Categories
book reviews

Divergent

Beatrice Prior lives in a dystopian world.

Categories
#weekendcoffeeshares

#weekendcoffeeshare Oct. 2-4

Happy weekend! Happy October!

I know it’s been a while since I’ve written on my blog. I’ve been pretty busy at work, and my reading schedule has increased since I started using the wonderful library app, Libby.

Categories
book reviews

Fates and Furies

Every story has two sides. Every relationship has two perspectives.

Lotto and Mathilde get married at twenty-two years old. As a young couple, they move from the honeymoon period into co-existing with each other, to almost breaking their marriage. As the years change and test their life together, Lotto (Lancelot) and Mathilde stay together, weathering rough patches in their relationship, betrayals of trust, and months of absences from one another.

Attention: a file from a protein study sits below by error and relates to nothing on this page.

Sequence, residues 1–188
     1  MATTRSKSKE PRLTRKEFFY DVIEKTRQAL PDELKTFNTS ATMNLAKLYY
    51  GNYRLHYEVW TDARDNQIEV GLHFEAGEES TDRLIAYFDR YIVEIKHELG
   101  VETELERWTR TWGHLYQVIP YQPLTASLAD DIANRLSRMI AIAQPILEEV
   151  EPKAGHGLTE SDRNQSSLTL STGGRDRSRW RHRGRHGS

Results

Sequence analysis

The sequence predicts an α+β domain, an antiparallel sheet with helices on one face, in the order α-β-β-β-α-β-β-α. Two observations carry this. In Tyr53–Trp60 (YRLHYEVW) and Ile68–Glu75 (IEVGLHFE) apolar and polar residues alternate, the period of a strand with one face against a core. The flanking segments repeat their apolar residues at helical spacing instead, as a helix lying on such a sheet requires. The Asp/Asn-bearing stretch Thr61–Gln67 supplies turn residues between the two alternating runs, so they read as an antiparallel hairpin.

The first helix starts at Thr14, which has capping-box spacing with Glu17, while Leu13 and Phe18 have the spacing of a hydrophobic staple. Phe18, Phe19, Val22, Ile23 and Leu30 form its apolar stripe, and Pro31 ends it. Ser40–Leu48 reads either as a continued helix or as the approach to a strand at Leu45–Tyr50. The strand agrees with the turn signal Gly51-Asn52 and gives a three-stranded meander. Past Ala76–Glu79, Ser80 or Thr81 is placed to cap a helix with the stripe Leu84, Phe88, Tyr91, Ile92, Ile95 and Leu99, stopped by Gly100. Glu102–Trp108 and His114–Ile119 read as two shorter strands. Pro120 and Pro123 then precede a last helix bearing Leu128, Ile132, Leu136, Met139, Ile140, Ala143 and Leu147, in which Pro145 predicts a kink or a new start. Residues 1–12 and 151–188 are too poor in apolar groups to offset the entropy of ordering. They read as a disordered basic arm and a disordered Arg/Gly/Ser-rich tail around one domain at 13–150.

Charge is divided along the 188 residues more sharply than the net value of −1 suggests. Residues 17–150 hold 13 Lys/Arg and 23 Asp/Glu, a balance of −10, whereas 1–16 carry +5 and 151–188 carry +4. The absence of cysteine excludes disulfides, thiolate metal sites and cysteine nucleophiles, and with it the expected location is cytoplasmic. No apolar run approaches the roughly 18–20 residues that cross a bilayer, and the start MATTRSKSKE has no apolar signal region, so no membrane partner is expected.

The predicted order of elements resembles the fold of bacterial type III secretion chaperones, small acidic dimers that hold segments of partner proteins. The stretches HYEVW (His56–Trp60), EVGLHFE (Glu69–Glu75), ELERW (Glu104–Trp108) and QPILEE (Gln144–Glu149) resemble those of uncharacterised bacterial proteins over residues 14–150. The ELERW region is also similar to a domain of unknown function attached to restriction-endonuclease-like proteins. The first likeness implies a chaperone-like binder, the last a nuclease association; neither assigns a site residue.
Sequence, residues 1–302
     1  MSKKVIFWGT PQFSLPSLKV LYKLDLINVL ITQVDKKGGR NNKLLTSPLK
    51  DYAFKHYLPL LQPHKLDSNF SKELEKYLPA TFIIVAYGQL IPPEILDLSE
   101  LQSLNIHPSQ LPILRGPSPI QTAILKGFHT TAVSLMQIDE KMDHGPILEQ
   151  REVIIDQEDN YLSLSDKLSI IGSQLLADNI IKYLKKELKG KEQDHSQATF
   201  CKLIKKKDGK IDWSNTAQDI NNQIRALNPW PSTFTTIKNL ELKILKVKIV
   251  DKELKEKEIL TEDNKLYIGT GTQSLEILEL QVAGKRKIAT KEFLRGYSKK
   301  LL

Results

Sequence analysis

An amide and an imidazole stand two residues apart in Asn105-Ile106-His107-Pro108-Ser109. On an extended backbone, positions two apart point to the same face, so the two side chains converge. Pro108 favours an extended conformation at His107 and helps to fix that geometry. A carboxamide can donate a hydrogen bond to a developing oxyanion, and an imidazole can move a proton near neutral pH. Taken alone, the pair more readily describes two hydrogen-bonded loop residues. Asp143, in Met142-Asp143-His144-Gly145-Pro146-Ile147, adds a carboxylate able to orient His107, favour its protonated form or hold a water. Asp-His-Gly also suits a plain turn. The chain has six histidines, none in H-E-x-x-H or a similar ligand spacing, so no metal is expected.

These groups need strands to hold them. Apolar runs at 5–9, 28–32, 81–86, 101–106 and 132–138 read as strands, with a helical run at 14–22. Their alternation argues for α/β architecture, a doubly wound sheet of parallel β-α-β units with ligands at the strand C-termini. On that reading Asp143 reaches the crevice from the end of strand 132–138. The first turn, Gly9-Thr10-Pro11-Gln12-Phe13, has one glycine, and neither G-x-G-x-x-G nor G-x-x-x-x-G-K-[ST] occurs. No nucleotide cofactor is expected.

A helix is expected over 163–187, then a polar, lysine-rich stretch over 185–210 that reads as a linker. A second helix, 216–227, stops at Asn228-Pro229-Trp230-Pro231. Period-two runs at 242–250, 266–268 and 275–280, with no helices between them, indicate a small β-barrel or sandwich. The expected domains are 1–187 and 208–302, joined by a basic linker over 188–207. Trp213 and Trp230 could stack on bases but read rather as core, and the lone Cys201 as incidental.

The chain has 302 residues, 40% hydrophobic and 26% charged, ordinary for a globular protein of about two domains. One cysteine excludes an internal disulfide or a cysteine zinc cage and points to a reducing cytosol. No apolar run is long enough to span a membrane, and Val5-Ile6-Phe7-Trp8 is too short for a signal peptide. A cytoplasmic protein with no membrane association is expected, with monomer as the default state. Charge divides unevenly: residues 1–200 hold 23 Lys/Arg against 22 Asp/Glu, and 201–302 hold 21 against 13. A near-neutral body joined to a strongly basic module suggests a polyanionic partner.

Categories
book reviews

The Immortalists

In 1969, Varia leads her other three siblings to a fortune teller, a woman who tells each of the kids when they will die. It’s no secret that this book will be about death, but it’s surprisingly about living your life.

Categories
book reviews

The Starless Sea

Bee, key, sword.

Erin Morgenstern’s second novel cannot specifically be defined as one genre. The Starless Sea is many things: a mystery, an adventure, a multi-faceted love story, and above all, a world within a world. Each vignette from various books brings you closer to the characters, who are less random and more real than you originally think.

When Zachary Ezra Rawlins finds a book with a piece of his childhood written exactly as he remembers it in the campus library, he’s stunned. He re-reads the collection of short stories over and over, but nothing of his own story comes up. Sweet Sorrows enthralls Zachary, compelling him to take the book with him everywhere, including a gathering with fellow students.

Categories
book reviews

Symptoms of Being Human

Riley Cavanaugh is your typical rebellious teen: Riley likes to wear Doc Martins, Dad’s old Ramones shirt, and has an ambiguous haircut. Trying to fit into a box isn’t Riley’s thing, especially when it comes to gender. Because Riley is gender-fluid. 

Categories
#personal

Morning Pages

I like to do morning pages because it helps me suss out my thoughts, especially when I’m working on my blog posts—or my current fantasy novel.